If you’re new to photography or video, chances are you have some questions about tripods. Maybe you have an old tripod that came with your camera, or a hand-me-down from family. Here’s what you need to know about tripods before you trade in those old sticks for a fancy Sachtler.
First, let’s figure out if you’re looking at a photo tripod or a video tripod. If your tripod allows you to roll your camera 90 degrees, it’s almost certainly a photo tripod. Some photo tripods have ball heads. Others have a simple 90 degree flip up plate to allow you to shoot in the portrait orientation.
Most photography tripods have a center column, but some budget video tripods have one also. This adds extra height at the expense of stability.
If your tripod has a fluid head, which lets you make smooth moves side-to-side and up-and-down, it’s probably a video tripod. Photographers don’t care as much about smooth moves, they just want a steady shot. Video shooters need to be able to adjust without jerking the camera around, and this means paying extra for a fluid drag system inside the tripod head.
A small number of tripods are hybrids, designed to work with both photo and video. These are usually the $40 bargain-bin tripods, which are unstable and all around a bad idea. Don’t trust an expensive piece of equipment to a few plastic tubes that wobble when you touch them. If you’re looking for a good starter video tripod and head, expect to spend at least $300.
Nearly all tripods offer a quick release plate system. This lets you easily remove and reattach the camera, without having to screw everything back on. If you buy all matching equipment, you can use the same plates interchangeably. Most plates are different, depending on the manufacturer and the size of the tripod head. If you’re going for one matching standard for small to medium video equipment, we like the Manfrotto 501/701 size plate system.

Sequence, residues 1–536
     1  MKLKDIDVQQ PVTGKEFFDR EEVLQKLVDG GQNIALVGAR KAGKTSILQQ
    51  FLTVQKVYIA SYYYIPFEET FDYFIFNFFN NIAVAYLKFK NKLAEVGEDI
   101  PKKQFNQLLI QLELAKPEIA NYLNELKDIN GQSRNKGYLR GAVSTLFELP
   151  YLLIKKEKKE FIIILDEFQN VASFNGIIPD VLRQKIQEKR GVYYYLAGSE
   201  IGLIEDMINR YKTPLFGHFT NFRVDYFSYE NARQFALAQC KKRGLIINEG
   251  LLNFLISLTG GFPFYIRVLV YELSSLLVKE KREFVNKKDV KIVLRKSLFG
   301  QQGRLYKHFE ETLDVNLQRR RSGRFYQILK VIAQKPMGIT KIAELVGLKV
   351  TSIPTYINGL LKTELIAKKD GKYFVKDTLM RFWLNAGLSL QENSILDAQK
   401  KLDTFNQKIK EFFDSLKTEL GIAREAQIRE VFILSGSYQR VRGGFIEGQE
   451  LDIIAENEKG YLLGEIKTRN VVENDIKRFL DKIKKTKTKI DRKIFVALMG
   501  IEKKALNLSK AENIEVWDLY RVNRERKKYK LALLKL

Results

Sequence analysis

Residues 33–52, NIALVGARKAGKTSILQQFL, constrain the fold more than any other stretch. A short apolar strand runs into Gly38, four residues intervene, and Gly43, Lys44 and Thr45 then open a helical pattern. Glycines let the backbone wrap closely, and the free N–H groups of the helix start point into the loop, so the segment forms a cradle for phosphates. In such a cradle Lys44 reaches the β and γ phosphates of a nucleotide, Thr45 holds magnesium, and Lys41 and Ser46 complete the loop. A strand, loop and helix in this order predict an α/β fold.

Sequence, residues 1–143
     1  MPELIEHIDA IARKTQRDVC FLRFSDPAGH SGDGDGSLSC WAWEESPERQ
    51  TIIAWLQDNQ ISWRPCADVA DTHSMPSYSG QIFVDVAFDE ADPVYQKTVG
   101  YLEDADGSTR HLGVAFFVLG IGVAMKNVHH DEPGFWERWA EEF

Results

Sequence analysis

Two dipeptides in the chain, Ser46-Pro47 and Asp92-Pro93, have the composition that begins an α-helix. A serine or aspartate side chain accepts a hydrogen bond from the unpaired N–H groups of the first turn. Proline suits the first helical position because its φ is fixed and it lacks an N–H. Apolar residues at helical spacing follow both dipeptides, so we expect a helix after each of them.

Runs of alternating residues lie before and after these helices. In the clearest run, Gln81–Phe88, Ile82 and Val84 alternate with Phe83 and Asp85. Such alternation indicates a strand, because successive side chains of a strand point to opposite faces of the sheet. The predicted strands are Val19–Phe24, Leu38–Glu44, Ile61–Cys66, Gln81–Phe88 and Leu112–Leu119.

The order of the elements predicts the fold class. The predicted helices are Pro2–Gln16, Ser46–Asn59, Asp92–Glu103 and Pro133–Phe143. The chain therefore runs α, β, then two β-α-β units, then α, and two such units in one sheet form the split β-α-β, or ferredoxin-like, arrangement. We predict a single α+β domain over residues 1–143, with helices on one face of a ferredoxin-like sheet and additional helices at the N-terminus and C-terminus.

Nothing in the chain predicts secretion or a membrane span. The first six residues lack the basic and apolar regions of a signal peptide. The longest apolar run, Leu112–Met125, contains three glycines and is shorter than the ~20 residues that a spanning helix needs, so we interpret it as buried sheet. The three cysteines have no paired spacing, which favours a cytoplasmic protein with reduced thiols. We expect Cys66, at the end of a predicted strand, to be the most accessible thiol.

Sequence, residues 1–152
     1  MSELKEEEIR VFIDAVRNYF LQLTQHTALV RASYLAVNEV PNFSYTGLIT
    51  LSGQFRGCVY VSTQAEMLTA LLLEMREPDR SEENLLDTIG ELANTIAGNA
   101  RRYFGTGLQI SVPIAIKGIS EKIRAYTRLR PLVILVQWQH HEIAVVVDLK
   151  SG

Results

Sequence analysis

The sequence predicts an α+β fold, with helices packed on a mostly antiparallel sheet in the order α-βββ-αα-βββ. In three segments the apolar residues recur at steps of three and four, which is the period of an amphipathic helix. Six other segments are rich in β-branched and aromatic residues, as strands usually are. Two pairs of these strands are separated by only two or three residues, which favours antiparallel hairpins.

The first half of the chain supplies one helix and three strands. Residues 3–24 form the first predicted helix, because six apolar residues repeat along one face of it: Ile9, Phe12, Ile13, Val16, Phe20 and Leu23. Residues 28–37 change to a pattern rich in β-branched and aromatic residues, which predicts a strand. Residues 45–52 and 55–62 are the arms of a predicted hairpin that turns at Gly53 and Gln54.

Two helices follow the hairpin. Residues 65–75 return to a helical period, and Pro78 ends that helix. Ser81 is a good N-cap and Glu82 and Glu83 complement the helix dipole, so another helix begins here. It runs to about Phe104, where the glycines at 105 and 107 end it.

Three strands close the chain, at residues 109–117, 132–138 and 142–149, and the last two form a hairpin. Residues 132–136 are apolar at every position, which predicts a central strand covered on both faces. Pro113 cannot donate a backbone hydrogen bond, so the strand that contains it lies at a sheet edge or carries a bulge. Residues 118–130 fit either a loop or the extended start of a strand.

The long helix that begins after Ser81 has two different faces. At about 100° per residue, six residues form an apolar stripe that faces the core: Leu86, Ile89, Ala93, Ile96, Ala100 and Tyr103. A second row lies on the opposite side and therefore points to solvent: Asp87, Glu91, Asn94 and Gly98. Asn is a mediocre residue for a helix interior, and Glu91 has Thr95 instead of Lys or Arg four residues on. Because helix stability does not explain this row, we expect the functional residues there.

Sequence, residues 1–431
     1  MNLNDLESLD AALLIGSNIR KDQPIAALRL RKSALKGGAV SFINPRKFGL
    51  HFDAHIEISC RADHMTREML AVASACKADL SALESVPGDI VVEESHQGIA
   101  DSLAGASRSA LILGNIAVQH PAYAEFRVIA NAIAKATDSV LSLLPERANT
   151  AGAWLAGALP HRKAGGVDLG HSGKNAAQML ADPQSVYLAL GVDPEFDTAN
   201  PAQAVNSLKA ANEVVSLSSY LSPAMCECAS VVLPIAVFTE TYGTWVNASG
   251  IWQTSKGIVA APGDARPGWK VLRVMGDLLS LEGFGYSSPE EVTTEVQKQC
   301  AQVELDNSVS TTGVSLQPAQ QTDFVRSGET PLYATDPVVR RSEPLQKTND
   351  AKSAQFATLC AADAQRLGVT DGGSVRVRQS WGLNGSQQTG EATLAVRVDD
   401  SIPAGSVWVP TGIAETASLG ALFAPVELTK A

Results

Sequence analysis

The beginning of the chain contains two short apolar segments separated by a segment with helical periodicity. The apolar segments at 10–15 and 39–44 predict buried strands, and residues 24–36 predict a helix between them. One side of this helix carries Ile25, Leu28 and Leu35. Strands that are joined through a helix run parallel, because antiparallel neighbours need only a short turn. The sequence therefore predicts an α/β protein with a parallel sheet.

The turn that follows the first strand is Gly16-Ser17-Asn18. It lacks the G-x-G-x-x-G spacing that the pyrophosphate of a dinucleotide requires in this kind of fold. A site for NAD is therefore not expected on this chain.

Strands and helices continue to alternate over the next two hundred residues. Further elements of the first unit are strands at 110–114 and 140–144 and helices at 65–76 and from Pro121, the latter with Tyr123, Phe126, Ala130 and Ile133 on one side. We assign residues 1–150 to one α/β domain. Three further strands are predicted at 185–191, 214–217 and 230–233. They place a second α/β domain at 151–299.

Most consumer cameras have a 1/4″ hole on the bottom for mounting. Some professional cameras have a 3/8″ hole, or even a series of 3/8″ holes. If your camera and your tripod aren’t connecting, chances are you need an adapter, or a different mounting screw. It’s okay to put a little camera on a big tripod, but avoid going the other way around. Most broadcast and ENG style cameras are too heavy for consumer tripods.
Some video tripod legs offer a bowl at the top. This allows the camera to be leveled even when the legs are at different lengths, and it’s much easier to fine-tune than tweaking leg lengths while your camera is on top of your tripod. Almost all legs have a smooth bottom for indoor use, but some also offer spikes for more reliable traction outdoors. Just be careful not to leave them out when you’re done!
Most of the weight of the tripod is in the legs. Modern materials like carbon fiber offer a lightweight sturdy option, but steel or aluminum legs work very well if you don’t mind carrying the extra weight.
Most tripod legs have two or more stages. This lets you adjust the height as needed. The important measurements are minimum and maximum height. We suggest that for most applications, you don’t even consider a tripod shorter than 6′ (70″) maximum height. You want to be able to look a standing person in the eye (or sometimes, shoot over a standing person’s head).
When video professionals need a shot lower than the minimum height, they use a hi hat or low hat, which are much shorter tripod legs that accept the same tripod head. Some prosumer video and professional film tripods will let you “undersling” or reverse-mount the center column, so you can lower the camera all the way to the ground. Of course, your image will be inverted, but this is usually not a problem.
A tripod and head is a very personal choice for each shooter and each project. I have at least five tripods I use regularly, depending on the project and the camera. I recommend trying a few leg and head combinations out, before you make the choice on which one suits you best.
Posted by Jon Kline